African Canadians in Union Blue: Volunteering for the Cause in the Civil War (Studies in Canadian Military History Series)
By: Richard M. Reid (author)Paperback
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When Lincoln issued the Emancipation Proclamation, he also authorized the army to recruit black soldiers. Nearly 200,000 men answered the call. Several thousand came from Canada. What compelled these men to leave the relative comfort and safety of home to fight in a foreign war? In African Canadians in Union Blue, Richard Reid sets out in search of an answer and discovers a group of men whose courage and contributions open a window on the changing nature of the Civil War and the ties that held black communities together even as the borders around them shifted and were torn asunder.
Richard M. Reid is a professor emeritus at the University of Guelph and the author of several books on Canadian and American history, including Freedom for Themselves: North Carolina's Black Soldiers in the Civil War Era.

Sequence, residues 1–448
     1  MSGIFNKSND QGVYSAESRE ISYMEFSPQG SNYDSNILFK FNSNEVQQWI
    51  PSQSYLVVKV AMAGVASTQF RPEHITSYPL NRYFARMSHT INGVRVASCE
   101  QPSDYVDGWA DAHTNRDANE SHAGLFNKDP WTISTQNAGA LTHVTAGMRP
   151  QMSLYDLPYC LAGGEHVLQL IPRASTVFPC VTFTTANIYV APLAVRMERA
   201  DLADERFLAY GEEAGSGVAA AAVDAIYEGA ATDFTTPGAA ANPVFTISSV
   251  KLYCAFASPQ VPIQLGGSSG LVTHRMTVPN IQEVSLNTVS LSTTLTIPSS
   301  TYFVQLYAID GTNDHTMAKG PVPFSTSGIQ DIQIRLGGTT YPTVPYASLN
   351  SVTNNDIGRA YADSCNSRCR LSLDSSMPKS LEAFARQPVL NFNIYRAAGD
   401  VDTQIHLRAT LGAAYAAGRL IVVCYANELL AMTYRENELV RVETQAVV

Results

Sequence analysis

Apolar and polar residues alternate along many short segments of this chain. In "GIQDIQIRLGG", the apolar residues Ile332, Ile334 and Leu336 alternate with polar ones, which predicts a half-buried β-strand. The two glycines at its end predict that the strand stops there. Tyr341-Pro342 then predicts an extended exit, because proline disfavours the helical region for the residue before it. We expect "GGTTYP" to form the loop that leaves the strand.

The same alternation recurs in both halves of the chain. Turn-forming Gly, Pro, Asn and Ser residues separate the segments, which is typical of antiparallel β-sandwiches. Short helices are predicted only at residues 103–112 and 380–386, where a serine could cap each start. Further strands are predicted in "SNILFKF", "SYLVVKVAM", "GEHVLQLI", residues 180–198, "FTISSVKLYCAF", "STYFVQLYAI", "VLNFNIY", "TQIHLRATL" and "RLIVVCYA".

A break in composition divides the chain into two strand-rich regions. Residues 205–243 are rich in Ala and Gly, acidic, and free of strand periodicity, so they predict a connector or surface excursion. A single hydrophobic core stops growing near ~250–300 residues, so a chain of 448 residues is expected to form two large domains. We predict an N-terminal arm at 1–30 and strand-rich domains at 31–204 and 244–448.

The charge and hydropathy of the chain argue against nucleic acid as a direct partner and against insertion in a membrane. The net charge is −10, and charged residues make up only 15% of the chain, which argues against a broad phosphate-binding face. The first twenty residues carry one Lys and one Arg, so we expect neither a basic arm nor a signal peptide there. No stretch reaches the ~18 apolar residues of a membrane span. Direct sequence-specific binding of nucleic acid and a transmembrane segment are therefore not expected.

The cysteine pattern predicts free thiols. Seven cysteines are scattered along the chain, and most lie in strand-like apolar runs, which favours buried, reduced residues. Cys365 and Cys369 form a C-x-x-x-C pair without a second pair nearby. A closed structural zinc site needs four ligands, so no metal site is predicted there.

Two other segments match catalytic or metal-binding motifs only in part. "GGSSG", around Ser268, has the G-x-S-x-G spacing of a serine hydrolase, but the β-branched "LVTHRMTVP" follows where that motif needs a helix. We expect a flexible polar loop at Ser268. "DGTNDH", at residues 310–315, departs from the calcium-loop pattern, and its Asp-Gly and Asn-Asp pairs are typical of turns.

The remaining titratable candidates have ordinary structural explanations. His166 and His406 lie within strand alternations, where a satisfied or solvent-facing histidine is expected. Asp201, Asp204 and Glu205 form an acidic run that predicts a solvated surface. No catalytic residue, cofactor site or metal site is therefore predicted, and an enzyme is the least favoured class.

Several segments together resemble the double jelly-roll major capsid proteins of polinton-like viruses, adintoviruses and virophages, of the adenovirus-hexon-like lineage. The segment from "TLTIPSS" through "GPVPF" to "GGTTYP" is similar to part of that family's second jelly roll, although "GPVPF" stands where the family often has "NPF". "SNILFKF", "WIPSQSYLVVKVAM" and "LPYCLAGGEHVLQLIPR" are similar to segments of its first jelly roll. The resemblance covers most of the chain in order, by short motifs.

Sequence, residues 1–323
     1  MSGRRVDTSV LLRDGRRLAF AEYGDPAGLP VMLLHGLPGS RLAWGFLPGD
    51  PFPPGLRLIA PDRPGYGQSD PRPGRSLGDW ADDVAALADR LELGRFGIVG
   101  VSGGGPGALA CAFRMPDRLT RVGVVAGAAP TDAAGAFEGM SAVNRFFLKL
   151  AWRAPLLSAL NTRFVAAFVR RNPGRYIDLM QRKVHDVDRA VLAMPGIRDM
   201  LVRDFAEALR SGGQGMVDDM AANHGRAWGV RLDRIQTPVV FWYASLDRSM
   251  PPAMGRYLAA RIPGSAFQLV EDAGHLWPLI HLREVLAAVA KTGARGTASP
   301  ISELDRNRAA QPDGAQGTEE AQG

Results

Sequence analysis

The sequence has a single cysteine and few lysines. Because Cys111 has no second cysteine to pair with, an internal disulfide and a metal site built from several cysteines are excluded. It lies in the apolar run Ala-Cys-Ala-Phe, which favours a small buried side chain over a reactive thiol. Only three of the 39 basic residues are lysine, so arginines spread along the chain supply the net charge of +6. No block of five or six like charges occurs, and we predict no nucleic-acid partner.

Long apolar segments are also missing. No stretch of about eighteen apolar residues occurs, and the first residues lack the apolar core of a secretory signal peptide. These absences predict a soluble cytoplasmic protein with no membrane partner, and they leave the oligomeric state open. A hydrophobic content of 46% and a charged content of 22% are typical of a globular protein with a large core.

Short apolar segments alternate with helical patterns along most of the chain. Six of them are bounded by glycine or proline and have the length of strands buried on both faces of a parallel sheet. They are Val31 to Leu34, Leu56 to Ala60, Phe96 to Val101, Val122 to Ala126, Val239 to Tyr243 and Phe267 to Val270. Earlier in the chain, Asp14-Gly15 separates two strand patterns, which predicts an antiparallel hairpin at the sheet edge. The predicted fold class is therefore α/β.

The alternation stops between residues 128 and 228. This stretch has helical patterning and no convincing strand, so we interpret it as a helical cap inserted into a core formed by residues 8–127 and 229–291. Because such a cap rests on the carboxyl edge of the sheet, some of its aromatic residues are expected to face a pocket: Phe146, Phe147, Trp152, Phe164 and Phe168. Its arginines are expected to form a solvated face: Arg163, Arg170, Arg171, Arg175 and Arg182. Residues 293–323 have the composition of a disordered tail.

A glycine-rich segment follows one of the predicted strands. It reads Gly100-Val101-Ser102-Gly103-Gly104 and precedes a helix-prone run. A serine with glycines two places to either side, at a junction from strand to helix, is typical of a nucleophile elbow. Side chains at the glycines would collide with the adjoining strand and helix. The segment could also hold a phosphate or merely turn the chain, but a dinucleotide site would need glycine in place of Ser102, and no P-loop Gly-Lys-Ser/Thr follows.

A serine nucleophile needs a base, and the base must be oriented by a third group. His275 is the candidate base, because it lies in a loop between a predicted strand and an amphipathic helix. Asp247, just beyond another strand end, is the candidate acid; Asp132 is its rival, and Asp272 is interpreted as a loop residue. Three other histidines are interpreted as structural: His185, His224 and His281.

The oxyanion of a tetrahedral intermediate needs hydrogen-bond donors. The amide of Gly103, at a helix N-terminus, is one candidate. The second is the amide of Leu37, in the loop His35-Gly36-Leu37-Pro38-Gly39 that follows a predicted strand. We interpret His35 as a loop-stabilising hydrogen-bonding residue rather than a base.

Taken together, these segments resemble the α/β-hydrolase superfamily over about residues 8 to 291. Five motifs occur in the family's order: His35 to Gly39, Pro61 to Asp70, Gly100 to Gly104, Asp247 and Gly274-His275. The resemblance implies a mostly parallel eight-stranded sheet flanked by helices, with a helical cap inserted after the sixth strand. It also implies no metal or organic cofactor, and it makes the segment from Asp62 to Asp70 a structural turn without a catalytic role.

Introduction 1 British North America: Glory Land or the Least-Worst Option? 2 The Black Response: What the Numbers Mean 3 Blacks in the Navy: A Different Military Experience 4 Promises Deferred: In the Army, 1863-64 5 Promises Fulfilled: In the Army, 1864-65 6 Black Doctors: Challenging the Barriers 7 Post-War Life: Continuity and Change Conclusion Appendix: Establishing the location of black British North American veterans, 1865-75 Notes Selected Bibliography Index
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- ID: 9780774827461
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